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calf tail substitute


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13 replies to this topic

#1 Mountain Mama

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Posted 02 November 2016 - 03:19 PM

Is there a good substitute for calf tail?

#2 FlatsRoamer

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Posted 02 November 2016 - 03:45 PM

Depends on what kind of fly

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#3 Flat Rock native

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Posted 02 November 2016 - 04:31 PM

I have given up on calftail and switched to polyolefin yarn (Macrame) for every application that calls for calf hair.
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#4 Mogup

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Posted 02 November 2016 - 05:58 PM

If you are planning to use it for parachutes I would recommend white calf's body hair. I found the Waspi product
To be pretty good.

#5 Dave G.

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Posted 03 November 2016 - 03:59 AM

To me nothing looks quite like calves tail. That said, these days I mostly use poly yarn or even antron, unless the calves tail was for tailing fibers. But I do posts and wings mostly with synthetics these days. I do use some deer hair and mallard as well. Calves tail is pleasing to the fisherman, has a traditional look etc. For tying, the synthetics are easier, and the fish just plain don't care either way. It's all about the human acceptance, not the fishes.


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#6 Cold

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Posted 03 November 2016 - 07:19 AM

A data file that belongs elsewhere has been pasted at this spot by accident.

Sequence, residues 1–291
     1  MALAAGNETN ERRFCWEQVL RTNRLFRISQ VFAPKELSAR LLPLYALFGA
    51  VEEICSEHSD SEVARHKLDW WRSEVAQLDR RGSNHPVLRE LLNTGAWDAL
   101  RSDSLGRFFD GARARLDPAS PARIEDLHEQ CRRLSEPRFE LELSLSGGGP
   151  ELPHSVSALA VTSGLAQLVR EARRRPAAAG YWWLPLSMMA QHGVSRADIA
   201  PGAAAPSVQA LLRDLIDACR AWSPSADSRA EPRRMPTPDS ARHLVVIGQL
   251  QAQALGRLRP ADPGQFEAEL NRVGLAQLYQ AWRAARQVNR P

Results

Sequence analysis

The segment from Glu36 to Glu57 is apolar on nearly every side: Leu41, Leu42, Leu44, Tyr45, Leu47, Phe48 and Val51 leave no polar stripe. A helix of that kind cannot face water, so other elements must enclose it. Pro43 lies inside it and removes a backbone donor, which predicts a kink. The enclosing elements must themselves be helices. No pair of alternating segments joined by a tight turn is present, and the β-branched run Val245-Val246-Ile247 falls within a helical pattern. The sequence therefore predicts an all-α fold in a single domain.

.



#7 Brodrash

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Posted 03 November 2016 - 08:04 AM

I've been told badger hair is a good sub if you are tying streamers



#8 Adam Saarinen

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Posted 03 November 2016 - 09:28 AM

Bear fur!

#9 Mountain Mama

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Posted 03 November 2016 - 12:26 PM

Thank you all for your replies. I do have badger fur and i just ordered calves and will compare the two. One great thing about living in the mountains is the amount of fur and hide I can get up here lol

#10 Cold

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Posted 03 November 2016 - 12:32 PM

.



#11 SilverCreek

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Posted 03 November 2016 - 08:04 PM

Try calf body hair as a substitute for calf tail on Wulff flies. It is much easier to use.

 

http://flyanglersonl...ners/part19.php

 

https://books.google...l wulff&f=false

 

n_1612-1.jpg

 

 

 

http://midcurrent.co...hair-selection/

 

 

Calf Body Hair

 

A good piece of calf body hair will be one of your best finds. Calf body hair is fine and often somewhat wavy. The most useable calf hair is dense and straight, making it much easier to clean and stack than its wavy counterparts. Tiers come into the shop all the time complaining about the overall quality of calf body hair, and for the most part I have to agree with them. Most commercially available calf hair is extremely short, wavy, and sparse, rendering it perhaps the most frustrating of all materials to work with. A bad piece of calf body hair is enough to make you give up on the hair and look for an alternative.